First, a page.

Water UK is calling for a complete overhaul of the way we manage our rivers, and for a new Rivers Act. It wants a national plan that brings together all the disparate players that are responsible for some aspect of river management, and that runs rivers and catchments as a single complex system.

Colville is pleased to see the increasing emphasis on NBS, and believes they will receive public support, thanks in part to our collective experiences discovering nature on our doorsteps during the Covid-19 lockdowns. “NBS is a long-term trend that is supported by a shift in public attitude, but also exists on its own merits,” he says. “We need as much NBS as possible.”

Main image: River Ure © Alexander W Helin/Getty

Farming in focus

Farming, particularly dairy, is the worst offender for river pollution, affecting 40 per cent of water bodies. One study in Devon found 9 in 10 farms either non-compliant with regulations, causing pollution, or both.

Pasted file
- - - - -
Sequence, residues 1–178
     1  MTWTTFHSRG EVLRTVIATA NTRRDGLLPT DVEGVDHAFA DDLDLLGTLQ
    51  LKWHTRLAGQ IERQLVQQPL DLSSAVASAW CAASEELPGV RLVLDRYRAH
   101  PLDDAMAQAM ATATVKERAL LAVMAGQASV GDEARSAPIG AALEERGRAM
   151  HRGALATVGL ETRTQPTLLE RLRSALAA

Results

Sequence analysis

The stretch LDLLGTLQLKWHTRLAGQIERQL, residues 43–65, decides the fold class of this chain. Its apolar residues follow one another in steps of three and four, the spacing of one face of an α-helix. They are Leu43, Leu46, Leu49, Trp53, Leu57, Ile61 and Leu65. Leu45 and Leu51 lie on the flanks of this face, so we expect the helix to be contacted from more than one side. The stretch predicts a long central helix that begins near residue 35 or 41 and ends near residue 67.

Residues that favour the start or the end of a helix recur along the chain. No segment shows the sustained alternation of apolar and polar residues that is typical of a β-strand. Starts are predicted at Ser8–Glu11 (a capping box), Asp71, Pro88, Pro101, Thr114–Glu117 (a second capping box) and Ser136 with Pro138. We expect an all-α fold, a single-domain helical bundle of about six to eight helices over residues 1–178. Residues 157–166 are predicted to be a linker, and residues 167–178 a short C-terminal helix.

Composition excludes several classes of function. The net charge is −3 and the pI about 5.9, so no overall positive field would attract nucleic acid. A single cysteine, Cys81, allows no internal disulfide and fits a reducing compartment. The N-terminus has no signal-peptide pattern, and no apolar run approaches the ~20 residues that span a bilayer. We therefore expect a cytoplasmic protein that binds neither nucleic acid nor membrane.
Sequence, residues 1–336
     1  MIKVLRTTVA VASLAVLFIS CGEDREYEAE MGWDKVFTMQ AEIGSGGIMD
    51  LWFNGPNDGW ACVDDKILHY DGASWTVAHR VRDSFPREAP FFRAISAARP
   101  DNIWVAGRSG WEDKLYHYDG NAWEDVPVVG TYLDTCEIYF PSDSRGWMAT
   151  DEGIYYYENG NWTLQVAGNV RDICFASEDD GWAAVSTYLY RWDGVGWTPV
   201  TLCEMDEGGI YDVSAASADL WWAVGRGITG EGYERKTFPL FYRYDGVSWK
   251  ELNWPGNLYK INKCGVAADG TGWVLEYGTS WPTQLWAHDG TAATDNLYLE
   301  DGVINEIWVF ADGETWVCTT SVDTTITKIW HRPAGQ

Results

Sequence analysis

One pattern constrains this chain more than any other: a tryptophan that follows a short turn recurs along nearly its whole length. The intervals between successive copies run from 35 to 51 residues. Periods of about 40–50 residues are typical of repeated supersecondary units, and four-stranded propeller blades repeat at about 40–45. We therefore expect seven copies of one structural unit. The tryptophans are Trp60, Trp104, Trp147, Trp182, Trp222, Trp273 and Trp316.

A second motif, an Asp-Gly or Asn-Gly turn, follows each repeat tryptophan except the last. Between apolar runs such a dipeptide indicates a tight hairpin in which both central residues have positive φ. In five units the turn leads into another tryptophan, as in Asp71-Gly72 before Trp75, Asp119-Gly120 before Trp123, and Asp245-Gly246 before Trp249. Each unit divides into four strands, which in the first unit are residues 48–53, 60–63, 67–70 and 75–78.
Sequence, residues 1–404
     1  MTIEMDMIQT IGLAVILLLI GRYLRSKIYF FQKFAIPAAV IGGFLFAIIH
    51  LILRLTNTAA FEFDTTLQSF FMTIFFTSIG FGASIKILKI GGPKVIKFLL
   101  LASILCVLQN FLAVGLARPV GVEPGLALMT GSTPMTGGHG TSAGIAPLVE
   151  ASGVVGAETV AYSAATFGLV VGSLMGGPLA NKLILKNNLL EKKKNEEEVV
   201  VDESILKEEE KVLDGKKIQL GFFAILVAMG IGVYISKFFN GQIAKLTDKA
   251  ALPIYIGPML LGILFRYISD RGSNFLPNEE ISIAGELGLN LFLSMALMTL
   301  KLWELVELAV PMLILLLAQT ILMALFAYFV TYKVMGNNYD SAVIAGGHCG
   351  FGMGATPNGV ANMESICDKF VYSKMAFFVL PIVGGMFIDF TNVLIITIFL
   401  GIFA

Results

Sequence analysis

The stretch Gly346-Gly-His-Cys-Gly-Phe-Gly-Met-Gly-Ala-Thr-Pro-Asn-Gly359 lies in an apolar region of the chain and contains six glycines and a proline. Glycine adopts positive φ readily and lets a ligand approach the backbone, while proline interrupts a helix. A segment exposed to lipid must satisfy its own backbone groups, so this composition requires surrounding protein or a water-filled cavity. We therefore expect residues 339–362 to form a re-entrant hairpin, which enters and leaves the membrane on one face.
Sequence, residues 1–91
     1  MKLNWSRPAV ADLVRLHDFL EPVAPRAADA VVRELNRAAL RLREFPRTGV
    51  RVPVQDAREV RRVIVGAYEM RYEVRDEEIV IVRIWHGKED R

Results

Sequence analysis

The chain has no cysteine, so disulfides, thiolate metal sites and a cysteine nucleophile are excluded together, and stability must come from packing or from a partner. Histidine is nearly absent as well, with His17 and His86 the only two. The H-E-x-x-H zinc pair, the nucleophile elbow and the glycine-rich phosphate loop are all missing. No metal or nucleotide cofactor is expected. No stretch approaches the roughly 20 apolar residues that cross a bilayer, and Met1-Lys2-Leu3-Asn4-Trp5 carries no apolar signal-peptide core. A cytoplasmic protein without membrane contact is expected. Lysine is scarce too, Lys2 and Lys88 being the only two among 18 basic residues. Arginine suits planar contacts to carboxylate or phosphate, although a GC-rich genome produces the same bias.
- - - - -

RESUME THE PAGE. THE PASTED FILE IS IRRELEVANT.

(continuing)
Yet it’s a complex situation. Farmers have had to adapt over the past 20 years, and many have taken out loans to do so. With milk prices kept low, bigger herds are needed to increase production. Farmers are caught in a supply chain that begins on their land and ends with the price in the supermarket.

A group of yearling Holstein heifers in a field of grass in Northern Ireland just before the sun sets.
Dairy farm © Alan Hopps/Getty

“Our food choices and farming supply-chains have not taken into account the climate and environmental impacts,” says Martin Lines, UK Chair of the Nature Friendly Farming Network. “If you drive down returns, the producer has to cut corners.”

Food on the shelf rarely reflects the true cost of its production, but we all pay in terms of the associated environmental damage, such as pollution and habitat degradation. “We need to rethink our food system,” he says.